High-resolution digital outcrop models of stacked deep-water channel elements are constructed from the Laguna Figueroa section of the well-exposed Upper Cretaceous Tres Pasos Formation in Chilean Patagonia. The models are based on greater than 1600 m (>5250 ft) of centimeter-scale measured sections, greater than 100 paleoflow measurements, and thousands of differential global positioning system points (10-cm [4-in.] accuracy) from an outcrop belt that is approximately 2.5 km (∼1.5 mi) long and 130 m (425 ft) thick. The models elucidate the effects bed-to-geobody–scale architecture has on static sandstone connectivity among a series of stacked deep-water channel elements and how that connectivity is altered by grid cell size.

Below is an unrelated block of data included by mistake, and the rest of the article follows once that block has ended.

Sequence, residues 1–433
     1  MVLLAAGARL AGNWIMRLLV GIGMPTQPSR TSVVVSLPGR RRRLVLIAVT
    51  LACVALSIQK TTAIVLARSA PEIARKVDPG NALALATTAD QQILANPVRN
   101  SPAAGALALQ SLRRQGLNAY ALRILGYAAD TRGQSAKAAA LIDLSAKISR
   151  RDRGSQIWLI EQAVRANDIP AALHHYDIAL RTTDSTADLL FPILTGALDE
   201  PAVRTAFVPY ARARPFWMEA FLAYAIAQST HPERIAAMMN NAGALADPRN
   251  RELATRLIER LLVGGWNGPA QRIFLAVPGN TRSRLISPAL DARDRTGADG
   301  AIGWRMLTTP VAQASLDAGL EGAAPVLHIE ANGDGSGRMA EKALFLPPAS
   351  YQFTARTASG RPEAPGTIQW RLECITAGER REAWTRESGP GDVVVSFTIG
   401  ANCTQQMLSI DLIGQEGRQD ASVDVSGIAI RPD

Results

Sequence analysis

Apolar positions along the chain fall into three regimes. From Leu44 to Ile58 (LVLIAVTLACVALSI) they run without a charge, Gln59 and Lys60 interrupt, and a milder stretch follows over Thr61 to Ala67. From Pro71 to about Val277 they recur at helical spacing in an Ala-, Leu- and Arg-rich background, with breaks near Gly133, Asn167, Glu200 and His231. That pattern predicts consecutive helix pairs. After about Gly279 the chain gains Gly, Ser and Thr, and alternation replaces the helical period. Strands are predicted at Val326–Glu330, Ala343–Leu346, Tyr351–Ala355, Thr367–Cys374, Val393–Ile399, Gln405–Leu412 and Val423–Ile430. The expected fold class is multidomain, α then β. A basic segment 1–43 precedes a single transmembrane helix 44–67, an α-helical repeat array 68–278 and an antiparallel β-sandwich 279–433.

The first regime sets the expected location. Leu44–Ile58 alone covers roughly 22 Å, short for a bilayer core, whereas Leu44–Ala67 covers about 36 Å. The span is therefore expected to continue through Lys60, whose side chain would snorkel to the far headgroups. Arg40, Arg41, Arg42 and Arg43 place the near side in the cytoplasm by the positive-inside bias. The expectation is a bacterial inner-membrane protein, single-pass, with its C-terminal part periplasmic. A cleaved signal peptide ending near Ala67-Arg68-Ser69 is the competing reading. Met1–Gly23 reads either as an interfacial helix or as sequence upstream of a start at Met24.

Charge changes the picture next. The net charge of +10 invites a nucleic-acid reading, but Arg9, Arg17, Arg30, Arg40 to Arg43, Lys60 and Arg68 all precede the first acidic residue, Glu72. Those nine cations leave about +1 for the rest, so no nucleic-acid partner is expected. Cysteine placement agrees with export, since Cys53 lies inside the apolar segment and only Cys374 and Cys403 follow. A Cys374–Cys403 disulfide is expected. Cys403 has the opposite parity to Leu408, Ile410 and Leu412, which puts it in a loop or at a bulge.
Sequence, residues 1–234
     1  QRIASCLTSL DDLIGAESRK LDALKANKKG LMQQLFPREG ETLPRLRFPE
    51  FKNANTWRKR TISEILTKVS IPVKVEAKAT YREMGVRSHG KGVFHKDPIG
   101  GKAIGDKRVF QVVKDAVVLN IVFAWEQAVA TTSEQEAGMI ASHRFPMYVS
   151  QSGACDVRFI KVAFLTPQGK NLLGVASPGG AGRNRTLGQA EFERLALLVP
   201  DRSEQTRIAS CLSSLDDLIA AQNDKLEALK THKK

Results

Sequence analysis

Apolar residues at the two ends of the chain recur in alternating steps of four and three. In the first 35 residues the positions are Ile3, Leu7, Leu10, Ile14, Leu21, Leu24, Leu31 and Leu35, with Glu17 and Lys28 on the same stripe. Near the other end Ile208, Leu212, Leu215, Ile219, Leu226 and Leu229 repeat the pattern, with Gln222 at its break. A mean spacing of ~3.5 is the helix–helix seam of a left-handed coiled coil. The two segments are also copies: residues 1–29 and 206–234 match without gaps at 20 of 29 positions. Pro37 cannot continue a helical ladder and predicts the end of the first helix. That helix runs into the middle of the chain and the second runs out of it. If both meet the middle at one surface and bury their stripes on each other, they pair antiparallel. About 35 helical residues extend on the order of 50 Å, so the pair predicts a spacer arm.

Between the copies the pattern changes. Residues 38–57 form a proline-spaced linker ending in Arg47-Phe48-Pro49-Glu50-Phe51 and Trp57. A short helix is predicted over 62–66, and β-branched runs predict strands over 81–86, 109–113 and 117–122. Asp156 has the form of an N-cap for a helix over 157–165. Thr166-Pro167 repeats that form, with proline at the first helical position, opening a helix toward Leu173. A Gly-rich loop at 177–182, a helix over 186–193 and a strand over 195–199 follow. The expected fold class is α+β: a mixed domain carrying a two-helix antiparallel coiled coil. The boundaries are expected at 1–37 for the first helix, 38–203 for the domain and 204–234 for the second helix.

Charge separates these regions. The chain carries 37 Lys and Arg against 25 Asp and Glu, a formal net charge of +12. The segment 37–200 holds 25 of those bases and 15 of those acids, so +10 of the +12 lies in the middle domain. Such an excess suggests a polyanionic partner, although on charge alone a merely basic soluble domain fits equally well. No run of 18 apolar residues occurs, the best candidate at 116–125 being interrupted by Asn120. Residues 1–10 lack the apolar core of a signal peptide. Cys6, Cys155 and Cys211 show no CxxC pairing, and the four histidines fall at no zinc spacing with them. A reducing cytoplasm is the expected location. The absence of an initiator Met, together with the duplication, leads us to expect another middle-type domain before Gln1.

Static connectivity analyses show that channel element base drapes can strongly influence sandstone connectivity and that smaller channel element widths are more likely to produce disconnected sandstone geobodies. Net-to-gross (NTG) is not directly correlated with connectivity because of the presence of thin channel element base drapes, which do not significantly contribute to NTG. Upscaling the models consistently increases channel element contact (up to 10%) but decreases sandstone connectivity (up to 2%–3%). Channel element stacking patterns strongly impact connectivity. For example, connectivity is reduced in cases of high lateral channel element offsets. Increasing drape coverage markedly decreases connectivity. Evaluating connectivity in a vertical, along-system profile is critical to understanding flow units and reservoir piping. Ultimately, this work constrains uncertainty related to the impact of subseismic-scale stratigraphic architecture on reservoir connectivity by providing concrete knowledge that can be used to guide the model building process.